Monday, December 31, 2007

A Historic Downtown New Years Eve!

It's been well over ten years I've been down here - but sometimes it seems like just a few years.

Other times, it can feel like a lifetime.

I headed out to a New Year's party in the San Fernando Building - just a block away - which was the very first of the new loft buildings to open up. But before I got there, I got waylaid by a small party in my building, then was dragged to another party in a restaurant I passed on the way for a bit, then heard my name yelled from a third floor window of one of the Hellman Buildings (my black cowboy hat makes me instantly visible at any distance) and ended up there for a while and, just as I reached the San Fernando, I was pulled over the railing into the patio of Pete's Cafe and when I finally reached the exterior lobby, I ran into some more old friends there.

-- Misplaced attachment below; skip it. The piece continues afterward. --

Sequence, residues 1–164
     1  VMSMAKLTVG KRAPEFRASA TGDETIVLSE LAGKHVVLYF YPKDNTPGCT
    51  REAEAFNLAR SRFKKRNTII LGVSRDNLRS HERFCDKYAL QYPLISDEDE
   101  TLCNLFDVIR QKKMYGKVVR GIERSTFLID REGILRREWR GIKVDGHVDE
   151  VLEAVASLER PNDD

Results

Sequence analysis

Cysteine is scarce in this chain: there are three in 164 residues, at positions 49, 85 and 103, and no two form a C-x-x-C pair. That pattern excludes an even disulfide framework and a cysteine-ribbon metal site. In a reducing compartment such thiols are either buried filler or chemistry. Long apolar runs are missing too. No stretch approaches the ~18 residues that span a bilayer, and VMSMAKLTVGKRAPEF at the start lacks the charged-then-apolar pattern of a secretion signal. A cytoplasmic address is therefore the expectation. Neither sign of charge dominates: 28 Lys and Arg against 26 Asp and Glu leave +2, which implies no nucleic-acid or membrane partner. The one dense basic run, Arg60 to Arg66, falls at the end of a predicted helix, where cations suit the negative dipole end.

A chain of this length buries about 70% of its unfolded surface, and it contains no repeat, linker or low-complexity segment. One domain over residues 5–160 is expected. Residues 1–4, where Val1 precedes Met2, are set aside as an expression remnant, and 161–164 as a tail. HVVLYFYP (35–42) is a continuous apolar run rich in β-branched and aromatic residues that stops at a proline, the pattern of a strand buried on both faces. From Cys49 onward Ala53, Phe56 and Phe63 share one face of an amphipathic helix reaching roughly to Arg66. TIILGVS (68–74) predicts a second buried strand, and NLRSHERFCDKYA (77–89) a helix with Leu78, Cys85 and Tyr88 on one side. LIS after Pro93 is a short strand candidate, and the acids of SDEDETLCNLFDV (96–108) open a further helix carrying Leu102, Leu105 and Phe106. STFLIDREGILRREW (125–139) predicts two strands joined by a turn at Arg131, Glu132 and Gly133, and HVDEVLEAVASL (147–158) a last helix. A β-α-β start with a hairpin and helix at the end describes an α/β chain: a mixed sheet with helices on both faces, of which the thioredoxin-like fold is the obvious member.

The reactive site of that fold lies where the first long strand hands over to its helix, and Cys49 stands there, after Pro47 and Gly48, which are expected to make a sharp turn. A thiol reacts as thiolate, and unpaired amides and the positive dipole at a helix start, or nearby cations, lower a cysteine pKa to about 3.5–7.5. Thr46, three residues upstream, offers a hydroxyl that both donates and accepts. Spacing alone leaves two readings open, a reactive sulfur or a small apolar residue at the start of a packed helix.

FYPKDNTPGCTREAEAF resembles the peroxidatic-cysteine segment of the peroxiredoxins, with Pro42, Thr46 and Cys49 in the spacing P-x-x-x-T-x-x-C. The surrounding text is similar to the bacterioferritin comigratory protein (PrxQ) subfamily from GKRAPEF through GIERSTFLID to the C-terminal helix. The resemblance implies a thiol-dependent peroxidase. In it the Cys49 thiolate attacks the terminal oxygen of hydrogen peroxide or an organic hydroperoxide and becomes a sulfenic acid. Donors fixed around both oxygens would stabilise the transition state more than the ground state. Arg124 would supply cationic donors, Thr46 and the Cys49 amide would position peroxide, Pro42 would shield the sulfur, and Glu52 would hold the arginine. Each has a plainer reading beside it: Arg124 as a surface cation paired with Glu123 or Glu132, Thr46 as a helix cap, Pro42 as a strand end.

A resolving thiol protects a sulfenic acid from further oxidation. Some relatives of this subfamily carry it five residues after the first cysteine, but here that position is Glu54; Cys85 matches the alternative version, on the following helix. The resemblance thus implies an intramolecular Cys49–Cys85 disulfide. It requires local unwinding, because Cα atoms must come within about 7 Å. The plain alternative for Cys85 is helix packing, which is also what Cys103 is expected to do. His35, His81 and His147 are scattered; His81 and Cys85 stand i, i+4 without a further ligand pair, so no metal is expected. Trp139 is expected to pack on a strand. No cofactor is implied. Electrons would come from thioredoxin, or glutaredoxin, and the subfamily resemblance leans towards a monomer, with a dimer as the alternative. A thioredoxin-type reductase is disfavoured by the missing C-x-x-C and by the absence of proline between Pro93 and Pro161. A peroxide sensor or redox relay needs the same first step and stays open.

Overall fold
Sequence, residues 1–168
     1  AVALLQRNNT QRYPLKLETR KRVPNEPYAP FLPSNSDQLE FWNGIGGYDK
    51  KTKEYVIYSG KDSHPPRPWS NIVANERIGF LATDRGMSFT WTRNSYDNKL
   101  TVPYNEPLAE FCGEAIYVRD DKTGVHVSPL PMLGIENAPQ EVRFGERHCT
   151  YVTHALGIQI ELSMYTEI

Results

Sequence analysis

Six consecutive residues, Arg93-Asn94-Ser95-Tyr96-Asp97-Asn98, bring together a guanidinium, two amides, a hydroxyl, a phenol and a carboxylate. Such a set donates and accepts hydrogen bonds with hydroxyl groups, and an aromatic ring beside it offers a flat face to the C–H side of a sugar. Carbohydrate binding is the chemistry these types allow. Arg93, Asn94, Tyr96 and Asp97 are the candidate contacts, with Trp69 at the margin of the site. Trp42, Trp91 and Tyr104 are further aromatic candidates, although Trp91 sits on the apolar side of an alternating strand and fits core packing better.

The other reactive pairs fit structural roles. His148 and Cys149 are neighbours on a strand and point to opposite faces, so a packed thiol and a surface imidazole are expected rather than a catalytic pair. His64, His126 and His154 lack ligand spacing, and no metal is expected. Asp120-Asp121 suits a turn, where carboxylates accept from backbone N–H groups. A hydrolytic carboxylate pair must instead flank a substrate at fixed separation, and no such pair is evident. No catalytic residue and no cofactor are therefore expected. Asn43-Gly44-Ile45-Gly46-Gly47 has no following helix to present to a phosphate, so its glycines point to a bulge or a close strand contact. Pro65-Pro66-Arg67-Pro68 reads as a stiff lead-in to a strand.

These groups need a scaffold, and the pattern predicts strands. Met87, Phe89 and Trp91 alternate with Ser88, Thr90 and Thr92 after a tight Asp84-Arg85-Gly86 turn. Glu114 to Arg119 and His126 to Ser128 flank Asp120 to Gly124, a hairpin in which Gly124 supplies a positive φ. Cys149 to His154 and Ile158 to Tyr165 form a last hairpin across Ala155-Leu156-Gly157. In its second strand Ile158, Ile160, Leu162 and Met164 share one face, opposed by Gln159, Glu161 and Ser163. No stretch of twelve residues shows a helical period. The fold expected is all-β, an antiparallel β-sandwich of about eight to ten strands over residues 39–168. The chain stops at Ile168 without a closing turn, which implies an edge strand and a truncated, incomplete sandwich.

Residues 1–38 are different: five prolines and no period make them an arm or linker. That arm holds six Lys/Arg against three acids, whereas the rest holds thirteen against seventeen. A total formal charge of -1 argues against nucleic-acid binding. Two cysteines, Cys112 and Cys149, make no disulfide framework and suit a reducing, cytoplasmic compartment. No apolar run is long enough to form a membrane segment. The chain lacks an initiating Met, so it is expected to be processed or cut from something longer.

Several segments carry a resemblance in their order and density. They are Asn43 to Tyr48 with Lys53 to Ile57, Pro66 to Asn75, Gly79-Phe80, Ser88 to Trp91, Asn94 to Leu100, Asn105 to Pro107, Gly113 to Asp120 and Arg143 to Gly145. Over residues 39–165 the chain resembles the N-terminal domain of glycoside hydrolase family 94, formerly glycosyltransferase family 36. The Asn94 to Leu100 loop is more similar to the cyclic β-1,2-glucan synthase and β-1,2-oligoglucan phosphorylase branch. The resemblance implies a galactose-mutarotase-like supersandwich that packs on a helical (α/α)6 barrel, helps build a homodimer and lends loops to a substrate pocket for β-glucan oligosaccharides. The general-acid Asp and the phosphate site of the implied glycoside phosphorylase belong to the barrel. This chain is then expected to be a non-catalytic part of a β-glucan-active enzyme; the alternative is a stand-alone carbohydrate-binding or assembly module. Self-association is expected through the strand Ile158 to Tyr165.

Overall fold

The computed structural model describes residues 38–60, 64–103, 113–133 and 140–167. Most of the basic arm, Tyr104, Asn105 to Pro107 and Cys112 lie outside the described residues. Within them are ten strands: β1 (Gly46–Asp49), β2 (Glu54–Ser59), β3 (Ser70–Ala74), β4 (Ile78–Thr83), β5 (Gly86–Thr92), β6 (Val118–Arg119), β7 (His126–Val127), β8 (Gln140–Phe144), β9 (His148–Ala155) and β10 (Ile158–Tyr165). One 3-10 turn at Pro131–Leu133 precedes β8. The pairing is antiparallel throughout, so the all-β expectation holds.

In less than one block, with the intent of only attending one brief party - I spent an hour and a half with five different groupings of friends and acquaintances.

At the party I had been trying to get to, I met a lot of the old timers in the 'hood, some of them dating almost back to the fall of 2000 when Tom Gilmore first opened the San Fernando. I also met people who knew about me and people whom I knew about - but whom had never met - and I also met some new people, including a grappler - who - alas! - lives too far away in Long Beach.

I also was asked for my help on three new civic/neighborhood projects before I left and found a person to work with me on one of my projects. Then on my way back, I ran into groups of friends walking at both Winston and Main and at 5th and Main and then dropped by at a party at INMO's Art Gallery on 5th before making my way back to Cowboy Central.